The Lions and Falcons are in; the Eagles and Bears are out. Cincinnati is closing in on a playoff berth, while the Jets and Raiders need some help.
All part of a wild closing act to the NFL season.
With one game remaining before teams hunker down for their finales next week (Atlanta at New Orleans tonight), the most notable news was made by Detroit.
The last time the Lions were a force, Barry Sanders was in their backfield. Sanders retired after the 1998 season, and Detroit made the postseason the next year then plummeted to the bottom of the league. In 2008, the Lions posted the only 0-16 record in NFL history.
Now, they’re in the chase for the championship. Their 38-10 rout of San Diego secured an NFC wild card.
“Once you get to the playoffs, it’s anybody’s ballgame,” defensive end Cliff Avril said. “The city of Detroit needs it. They’ve been waiting on us to win for a while. It’s such a football town and we haven’t been winning, so it’s huge.”
At 10-5, the Lions join North champion Green Bay, West winner San Francisco, South leader New Orleans, and the Atlanta Falcons in the postseason parade. Either Dallas or the New York Giants also will get there – they meet next Sunday night at the Meadowlands in a winner-take-all matchup for the NFC East title.
The Falcons secured a playoff spot on Sunday night when Green Bay beat Chicago 35-21 and eliminated the Bears in the process.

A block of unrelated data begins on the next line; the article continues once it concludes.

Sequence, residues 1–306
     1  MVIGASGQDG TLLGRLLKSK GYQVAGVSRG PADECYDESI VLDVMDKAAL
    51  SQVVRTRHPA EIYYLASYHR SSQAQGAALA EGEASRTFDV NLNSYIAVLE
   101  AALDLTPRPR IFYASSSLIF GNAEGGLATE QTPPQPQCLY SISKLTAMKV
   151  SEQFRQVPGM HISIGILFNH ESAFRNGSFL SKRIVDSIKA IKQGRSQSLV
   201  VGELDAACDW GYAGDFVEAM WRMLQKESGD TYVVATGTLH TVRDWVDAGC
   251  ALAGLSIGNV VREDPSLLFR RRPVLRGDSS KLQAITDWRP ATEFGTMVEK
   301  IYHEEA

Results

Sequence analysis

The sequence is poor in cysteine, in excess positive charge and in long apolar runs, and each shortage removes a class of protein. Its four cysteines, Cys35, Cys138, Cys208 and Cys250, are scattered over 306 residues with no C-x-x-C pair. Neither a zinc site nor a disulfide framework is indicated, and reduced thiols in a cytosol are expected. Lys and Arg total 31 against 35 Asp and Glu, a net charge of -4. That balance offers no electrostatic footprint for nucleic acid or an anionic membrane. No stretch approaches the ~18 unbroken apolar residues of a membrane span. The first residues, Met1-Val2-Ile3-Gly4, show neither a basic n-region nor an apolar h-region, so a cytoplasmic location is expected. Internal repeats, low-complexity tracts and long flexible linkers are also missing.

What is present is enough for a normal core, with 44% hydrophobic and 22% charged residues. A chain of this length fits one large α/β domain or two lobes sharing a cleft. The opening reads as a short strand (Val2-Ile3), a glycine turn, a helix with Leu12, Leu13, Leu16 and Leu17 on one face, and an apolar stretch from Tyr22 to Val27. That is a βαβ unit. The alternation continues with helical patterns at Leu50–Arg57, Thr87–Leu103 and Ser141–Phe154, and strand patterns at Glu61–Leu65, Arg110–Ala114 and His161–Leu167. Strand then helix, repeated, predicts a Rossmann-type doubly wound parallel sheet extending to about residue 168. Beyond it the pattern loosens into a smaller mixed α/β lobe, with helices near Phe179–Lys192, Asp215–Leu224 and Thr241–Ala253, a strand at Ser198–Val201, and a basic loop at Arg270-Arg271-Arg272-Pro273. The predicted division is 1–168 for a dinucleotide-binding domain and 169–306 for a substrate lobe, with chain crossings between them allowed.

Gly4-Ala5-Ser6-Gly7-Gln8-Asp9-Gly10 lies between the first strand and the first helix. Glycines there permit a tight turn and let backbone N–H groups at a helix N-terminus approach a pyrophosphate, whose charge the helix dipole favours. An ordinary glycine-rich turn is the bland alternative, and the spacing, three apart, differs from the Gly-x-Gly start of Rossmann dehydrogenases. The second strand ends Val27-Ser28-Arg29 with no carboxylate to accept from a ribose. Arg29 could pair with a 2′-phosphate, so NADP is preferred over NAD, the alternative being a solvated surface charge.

New England is finishing strong, scoring its seventh win in a row by rallying from a 17-0 hole to beat Miami 27-24 on Saturday. It was the 10th time this season a team has come back from at least 17 points to win, the most in a single NFL season.
“All the while, we never gave up on one another and never said anything negative to one another,” defensive lineman Vince Wilfork said. “Going down 17-0 is a pretty big deficit, but once again this team showed its character.”
The AFC East champion Patriots (12-3) would get home-field advantage for the playoffs by beating Buffalo next weekend.
Green Bay (14-1) grabbed the home-field edge in the NFC with its win over Chicago on Sunday night.
That’s the simple stuff. As for the chaotic, well, just one look at the AFC wild-card race after Sunday’s results can make your head spin.
Suffice to say that the Bengals (9-6) are in control. But if they lose to Baltimore (11-4), which needs a victory to clinch the AFC North over Pittsburgh (also 11-4), it brings three other teams into play for the final AFC berth: Tennessee, Oakland and the New York Jets.
The Jets (8-7), like Philadelphia, are one of the NFL’s major flops this year. For much of the stretch drive, the Jets were in charge of the chase for the second AFC wild card. They kept messing up, though, and after Sunday’s ugly 29-14 loss to the Giants, they barely are relevant.
“We play this game to win the Super Bowl,” Jets cornerback Darrelle Revis said.